Research in Motion rattled off a slew of product updates at its Blackberry World conference Monday, including two new Bold smartphones, the Blackberry 7 OS, and a couple of key apps for the Blackberry Playbook tablet.
These aren’t game-changing announcements. I don’t see anything among RIM’s press releases that will catapult Blackberry over the iPhone and Android in the smartphone and tablet wars, but they should help RIM hang on to some relevance as it ceases to dominate the smartphone market.
Here’s what’s new with RIM’s Blackberry products:
Blackberry Bold 9900 and 9930
The Bold 9900 and 9930 are the thinnest (10.5 mm, about .4 of an inch) and most powerful (with 1.2 GHz processors) yet from RIM, which opened its biggest annual conference in Orlando on Monday. RIM officials promised more NFC phones at the Mobile World Congress in Barcelona in February. These devices will be the first smartphones to run BlackBerry 7 OS.
Pricing was not announced, but both smartphones are due from carriers globally this summer. Prospective buyers can register for more information on RIM’s Web site .
Both Bold smartphones have 2.8-in. touchscreens as well as physical Qwerty keyboards with optical trackpads. They run 1.2 GHz processors and weigh about 130 grams (4.5 ounces). The phones are built for easy data storage , with 8 GB internal and a microSD slot that can support a card of up to 32 GB.
A 5-megapixel camera in each supports 720p HD videorecording. The 9900 is a tri-band phone for HSPA+ and GSM/EDGE, while the 9930 is a Dual Bank CDMA/EV-DO Rev. A, Dual Bank HSPA+ and Quad Bank GSM/EDGE device.
Blackberry 7 OS
RIM’s Blackberry 7 OS doesn’t merge with QNX, the operating system that runs on the Blackberry tablet. Instead, Blackberry 7 OS adds some basic improvements like voice-activated search and a faster, smoother Web browser with HTML 5 support.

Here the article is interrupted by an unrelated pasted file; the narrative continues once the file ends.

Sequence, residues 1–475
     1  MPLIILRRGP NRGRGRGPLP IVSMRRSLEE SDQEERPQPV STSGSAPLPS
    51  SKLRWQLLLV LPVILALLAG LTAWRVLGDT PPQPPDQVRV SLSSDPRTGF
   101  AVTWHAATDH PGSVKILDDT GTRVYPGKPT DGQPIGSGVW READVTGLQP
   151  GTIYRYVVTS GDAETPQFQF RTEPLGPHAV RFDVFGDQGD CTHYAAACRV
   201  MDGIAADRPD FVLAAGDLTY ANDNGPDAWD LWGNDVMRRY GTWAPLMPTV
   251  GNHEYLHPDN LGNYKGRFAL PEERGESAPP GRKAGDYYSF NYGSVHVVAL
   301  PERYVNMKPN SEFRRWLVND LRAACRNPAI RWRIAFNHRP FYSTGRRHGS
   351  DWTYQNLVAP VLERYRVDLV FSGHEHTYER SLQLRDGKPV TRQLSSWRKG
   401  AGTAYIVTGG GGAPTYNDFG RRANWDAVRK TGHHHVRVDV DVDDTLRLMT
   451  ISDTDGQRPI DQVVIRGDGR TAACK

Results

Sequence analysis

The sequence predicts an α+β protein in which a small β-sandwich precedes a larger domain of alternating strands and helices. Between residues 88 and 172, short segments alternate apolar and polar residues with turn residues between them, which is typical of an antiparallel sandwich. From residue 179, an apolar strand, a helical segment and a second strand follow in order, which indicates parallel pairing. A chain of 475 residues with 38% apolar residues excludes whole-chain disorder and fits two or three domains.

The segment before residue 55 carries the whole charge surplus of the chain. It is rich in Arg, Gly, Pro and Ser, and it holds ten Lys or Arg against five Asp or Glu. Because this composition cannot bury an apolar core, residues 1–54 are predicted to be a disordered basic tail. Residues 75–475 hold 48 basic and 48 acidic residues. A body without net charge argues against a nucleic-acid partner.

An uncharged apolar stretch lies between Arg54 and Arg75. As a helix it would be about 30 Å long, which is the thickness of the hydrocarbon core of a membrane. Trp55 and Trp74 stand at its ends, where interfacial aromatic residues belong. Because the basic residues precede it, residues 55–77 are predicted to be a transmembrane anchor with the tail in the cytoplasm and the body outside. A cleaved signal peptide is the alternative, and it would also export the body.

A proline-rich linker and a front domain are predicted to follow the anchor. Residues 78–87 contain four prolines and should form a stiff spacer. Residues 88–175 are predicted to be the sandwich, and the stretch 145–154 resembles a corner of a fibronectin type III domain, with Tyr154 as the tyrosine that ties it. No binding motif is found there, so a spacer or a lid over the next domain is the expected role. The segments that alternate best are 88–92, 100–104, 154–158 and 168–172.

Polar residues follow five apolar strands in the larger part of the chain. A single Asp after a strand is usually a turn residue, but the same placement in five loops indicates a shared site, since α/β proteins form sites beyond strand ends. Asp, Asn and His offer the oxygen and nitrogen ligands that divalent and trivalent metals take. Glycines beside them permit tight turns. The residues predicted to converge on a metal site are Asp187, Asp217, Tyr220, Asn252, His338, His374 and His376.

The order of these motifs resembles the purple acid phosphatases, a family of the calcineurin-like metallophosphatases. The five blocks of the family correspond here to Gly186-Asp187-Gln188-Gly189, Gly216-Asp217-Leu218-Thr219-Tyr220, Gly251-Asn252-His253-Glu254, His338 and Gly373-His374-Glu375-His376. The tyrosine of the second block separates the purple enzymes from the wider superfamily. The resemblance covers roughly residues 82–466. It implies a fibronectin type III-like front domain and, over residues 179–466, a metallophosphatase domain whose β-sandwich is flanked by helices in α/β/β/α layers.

The new BlackBerry 7 OS is designed for an easier and faster user experience with improved browsing, voice searches and the ability to manage a user’s personal content separate from the user’s corporate content.
RIM has previously described this separation of personal and business-related content as an effective means of allowing IT managers to easily strip off corporate content from the smartphone if the employee departs the company, leaving all the personal photos and music intact for the user to keep.
BlackBerry 7 also gives users a full version of Docs to Go for using Word, Excel and PowerPoint files directly on the smartphone.
Facebook and Video Chat for Playbook
The Blackberry Playbook will soon be getting a couple apps that should’ve been available at launch. Video Chat, which will be delivered in an over-the-air update on May 3, lets Playbook owners talk to one another using the tablet’s front- and rear-facing cameras.
Still no word on cross-platform video chat apps, such as Fring and Skype. A Facebook app for Blackberry Playbook will be available through App World some time this month, with the requisite news feeds, wall posts, photos, videos and chat.
Here’s a nice feature for IT pros who worry about the infiltration of consumer tech in the enterprise: Blackberry Balance is a service that tries to separate business and personal uses on Blackberry smartphones.
When activated, it prevents users from copying, sending or using business data in personal applications, and tells the user when an action is against IT policy. If the user leaves the company, Balance lets the administrator remotely wipe all business information while leaving personal information and apps intact.
iPhone and Android Management
Perhaps the most surprising news out of Blackberry World was the announcement of a Web-based management tool for IT administrators that supports Android and iPhone in addition to Blackberry phones. This allows administrators to activate, wipe, lock, or otherwise manage phones over the air, while also accessing features that are exclusive to Blackberry, such as the aforementioned Blackberry Balance. Implicit in the announcement is an admission that Blackberry no longer dominates the enterprise, and that giving administrators a way to manage iPhones and Androids is a must.
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Matt Hamblen covers mobile and wireless, smartphones and other handhelds, and wireless networking for Computerworld. Follow Matt on Twitter at @matthamblen or subscribe to Matt’s RSS feed . His e-mail address is email@example.com .